Tim Maudlin explains why physics needs philosophy: “What philosophy offers to science, then, is not mystical ideas but meticulous method. Philosophical skepticism focuses attention on the conceptual weak points in theories and in arguments. It encourages exploration of alternative explanations and new theoretical approaches.”
So suppose you have figured out right and wrong. You know what makes right acts right and wrong acts wrong. But why be good? Why should you go ahead and do the right thing? Here are some good answers about being good from philosophy, biology, psychology, etc.
Seven philosophers discuss seven movies that address some of philosophy’s big questions: How can we do the right thing? What makes a life worth living? Can anything really be justified? Is there more to us than biology? Are the things that we imagine real? What is the enduring self? Is the quest for good a road to evil?
We need more than correlation to understand the world, and yet proof of causation is hard to come by. In “Cigarettes, damn cigarettes and statistics,” Tim Harford makes interesting points about causation and correlation in the era of big data.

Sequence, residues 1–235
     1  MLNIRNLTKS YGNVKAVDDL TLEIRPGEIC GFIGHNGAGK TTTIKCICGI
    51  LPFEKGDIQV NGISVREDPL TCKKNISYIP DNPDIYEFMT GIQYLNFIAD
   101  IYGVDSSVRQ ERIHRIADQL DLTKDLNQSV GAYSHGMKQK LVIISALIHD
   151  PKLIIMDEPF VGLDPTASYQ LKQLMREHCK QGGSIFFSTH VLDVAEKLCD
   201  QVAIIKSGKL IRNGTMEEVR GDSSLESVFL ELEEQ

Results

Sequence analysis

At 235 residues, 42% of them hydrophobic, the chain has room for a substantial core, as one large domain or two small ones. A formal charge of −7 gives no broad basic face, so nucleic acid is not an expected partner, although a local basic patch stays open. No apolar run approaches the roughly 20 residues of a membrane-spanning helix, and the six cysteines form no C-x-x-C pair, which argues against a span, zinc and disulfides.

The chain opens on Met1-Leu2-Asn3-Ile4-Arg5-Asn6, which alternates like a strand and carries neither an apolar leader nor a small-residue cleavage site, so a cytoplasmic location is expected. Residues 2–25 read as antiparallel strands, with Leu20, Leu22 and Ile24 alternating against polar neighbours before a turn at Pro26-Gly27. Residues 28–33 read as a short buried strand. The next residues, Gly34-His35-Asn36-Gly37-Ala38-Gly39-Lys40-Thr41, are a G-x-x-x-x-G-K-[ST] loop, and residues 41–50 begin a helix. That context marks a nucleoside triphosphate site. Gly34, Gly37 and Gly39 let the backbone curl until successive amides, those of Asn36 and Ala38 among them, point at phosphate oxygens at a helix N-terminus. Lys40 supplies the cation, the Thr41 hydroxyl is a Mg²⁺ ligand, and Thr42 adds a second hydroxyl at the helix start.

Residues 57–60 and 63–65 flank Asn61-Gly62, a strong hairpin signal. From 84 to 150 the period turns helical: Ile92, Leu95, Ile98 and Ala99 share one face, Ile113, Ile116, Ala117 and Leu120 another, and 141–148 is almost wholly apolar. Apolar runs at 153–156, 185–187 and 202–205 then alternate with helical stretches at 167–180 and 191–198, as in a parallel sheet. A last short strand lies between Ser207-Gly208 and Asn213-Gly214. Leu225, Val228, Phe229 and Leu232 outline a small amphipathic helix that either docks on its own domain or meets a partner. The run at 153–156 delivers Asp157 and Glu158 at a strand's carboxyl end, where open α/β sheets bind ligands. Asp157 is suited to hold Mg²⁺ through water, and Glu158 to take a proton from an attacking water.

… or how son will we eventually figure out that our world does not exist? Should the antinomies of reason and other signs that our world is incoherent and unintelligible lead us to conclude that we are figures in some super-gamers’ game?
As Terry Eagleton notes in his review of Julian Baggini’s Freedom Regained, “Rarely has the idea of freedom been so popular in practice and so disdained in theory.” But we are neither completely autonomous nor completely determined. “What … if our beliefs and desires lead us to act in a way that feels inevitable? Can we still be free if we could not have acted otherwise? Baggini is surely right to claim that we can. In fact, most of the things that matter – being in love, composing a superb sonata, detesting Piers Morgan, feeling horrified by the slave trade – have a smack of inner necessity about them … . What define the self most deeply are the sort of commitments from which we could not walk away even if we tried. The point, however, is that we don’t want to. Freedom from such engagements would be no freedom at all. True liberty lies in being able to realise such a self, not shuck it off.”